wicked1 is offline wicked1  United States
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It's not parafeed. It's the onetics level one. weighs in at 3lbs 12oz versus the 11lbs of the hammond.
I've not read any bad reviews on them, so I'm keeping my hopes up. Unfortunately for this situation, bass is very important to me.
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Old 12th March 2008, 03:11 AM   #8
zelgall is offline zelgall  Canada
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A Hammond 1627 which may be appropriate for a 300B at certain operating points has a max current rating of 160mA. The size is required to avoid saturation.
A typical optimized 300b transformer would have a max current around 80mA.
The high Frequencies may be better in a smaller transformer... or not.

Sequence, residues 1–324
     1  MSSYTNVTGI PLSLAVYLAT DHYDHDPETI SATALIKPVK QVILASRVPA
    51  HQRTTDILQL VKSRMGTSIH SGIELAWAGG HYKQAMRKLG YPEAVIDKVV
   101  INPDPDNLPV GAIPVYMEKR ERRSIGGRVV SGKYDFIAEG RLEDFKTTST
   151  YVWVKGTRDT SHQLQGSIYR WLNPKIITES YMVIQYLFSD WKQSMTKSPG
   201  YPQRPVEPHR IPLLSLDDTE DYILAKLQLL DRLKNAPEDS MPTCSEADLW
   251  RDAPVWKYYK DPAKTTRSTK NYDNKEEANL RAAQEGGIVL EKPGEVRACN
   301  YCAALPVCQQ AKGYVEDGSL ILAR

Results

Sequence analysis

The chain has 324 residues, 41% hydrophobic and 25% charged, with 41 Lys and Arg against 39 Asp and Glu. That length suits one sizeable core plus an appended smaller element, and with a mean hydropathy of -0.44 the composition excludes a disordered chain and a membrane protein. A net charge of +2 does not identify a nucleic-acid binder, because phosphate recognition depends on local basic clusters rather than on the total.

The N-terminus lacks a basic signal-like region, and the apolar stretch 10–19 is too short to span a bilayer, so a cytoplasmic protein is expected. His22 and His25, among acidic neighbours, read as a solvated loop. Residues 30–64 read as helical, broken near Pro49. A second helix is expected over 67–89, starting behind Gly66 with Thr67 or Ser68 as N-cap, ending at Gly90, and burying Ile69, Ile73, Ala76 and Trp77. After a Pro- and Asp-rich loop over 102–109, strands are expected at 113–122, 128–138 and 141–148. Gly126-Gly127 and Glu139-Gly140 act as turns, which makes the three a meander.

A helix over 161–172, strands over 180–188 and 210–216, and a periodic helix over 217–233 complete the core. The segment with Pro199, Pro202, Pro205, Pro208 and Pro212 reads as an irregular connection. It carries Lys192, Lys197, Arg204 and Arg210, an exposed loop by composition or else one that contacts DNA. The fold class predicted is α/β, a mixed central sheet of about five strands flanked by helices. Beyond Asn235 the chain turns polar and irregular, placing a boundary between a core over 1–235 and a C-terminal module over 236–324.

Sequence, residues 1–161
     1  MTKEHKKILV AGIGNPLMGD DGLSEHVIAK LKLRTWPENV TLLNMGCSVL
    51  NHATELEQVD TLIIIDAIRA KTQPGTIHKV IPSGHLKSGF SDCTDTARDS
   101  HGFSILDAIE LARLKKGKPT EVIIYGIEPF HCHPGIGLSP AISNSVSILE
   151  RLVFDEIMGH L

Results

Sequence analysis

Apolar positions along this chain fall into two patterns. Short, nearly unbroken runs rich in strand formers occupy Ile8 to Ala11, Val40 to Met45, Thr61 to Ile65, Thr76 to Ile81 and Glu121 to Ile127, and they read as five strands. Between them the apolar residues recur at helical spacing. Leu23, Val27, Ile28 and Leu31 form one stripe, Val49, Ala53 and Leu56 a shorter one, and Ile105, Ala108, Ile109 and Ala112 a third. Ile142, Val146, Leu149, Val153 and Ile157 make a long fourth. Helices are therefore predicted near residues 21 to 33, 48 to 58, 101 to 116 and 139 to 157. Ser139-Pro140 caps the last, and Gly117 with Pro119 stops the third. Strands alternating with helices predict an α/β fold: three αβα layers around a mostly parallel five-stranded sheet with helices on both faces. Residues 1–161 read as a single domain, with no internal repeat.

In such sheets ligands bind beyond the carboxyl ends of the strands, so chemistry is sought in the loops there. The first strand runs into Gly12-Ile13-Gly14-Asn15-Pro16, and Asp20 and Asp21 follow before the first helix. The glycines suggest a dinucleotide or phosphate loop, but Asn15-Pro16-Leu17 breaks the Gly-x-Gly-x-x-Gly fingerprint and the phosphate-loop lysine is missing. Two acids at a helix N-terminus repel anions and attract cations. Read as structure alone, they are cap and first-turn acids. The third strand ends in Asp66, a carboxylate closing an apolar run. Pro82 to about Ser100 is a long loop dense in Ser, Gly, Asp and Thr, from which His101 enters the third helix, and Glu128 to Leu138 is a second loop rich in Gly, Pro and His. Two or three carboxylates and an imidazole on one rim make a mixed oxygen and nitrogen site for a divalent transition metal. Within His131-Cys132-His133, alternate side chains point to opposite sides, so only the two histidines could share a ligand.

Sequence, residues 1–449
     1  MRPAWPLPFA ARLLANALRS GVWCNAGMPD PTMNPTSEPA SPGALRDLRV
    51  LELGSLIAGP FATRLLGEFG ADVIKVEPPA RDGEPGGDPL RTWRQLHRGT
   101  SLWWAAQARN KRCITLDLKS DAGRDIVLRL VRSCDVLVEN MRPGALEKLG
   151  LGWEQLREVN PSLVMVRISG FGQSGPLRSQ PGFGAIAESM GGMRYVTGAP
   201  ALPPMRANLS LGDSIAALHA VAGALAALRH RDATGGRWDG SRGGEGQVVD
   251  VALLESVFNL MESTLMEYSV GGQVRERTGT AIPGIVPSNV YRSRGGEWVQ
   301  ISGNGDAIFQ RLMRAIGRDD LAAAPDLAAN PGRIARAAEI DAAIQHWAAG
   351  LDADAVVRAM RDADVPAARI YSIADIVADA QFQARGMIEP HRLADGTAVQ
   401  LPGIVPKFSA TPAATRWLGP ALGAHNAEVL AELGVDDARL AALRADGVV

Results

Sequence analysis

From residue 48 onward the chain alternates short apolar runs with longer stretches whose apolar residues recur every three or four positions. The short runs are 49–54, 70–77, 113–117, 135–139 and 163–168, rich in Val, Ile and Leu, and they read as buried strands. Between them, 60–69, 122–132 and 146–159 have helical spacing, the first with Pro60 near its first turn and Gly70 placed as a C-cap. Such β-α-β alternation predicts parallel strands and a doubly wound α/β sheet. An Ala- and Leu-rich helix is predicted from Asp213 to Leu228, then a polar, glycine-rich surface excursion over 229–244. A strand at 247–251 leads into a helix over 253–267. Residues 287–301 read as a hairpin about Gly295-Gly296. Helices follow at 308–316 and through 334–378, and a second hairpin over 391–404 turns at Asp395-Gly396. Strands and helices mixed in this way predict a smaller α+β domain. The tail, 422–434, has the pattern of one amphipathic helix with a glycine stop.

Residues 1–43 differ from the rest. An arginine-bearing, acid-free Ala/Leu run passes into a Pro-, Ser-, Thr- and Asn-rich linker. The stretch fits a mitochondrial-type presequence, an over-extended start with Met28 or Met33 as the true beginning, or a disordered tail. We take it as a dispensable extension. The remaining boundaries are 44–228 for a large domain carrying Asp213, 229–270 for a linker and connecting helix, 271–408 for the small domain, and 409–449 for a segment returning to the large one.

You have more versatility with a higher current rating - later you can satisfy your urge to try KT88's with 250V @ 140mA which I think sounds pretty good.
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Old 12th March 2008, 05:03 AM   #9
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In my 300B SE Amp, I am currently using Tango XE-60-3.5-S, which is each rated for 30W, 180mA. They sound absolutely good, and they look beautiful too. I tend to agree that as long as the transformer has good bandwidth and has been built with good quality material, 30W is more than enough for an SE-amp which can only put out no more 9W per channel. I am using a pair of ProAC 2.5 clone (sensitivity = 85dB/W/m, I think) with this Amp and the bass output is comparable to an good qaulity 100-150W solid-state design, and even better than my friend's one which is also using the same transformer and connected to the same loudspeakers. My point is that output transformer is very important components in any Amp but it is not as important as the driver-stage.
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Old 12th March 2008, 05:18 AM   #10
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Quote:
Originally posted by wicked1
It's the onetics level one.
I bet it spanks the Hammond. We have a set of those in an amp under development.

dave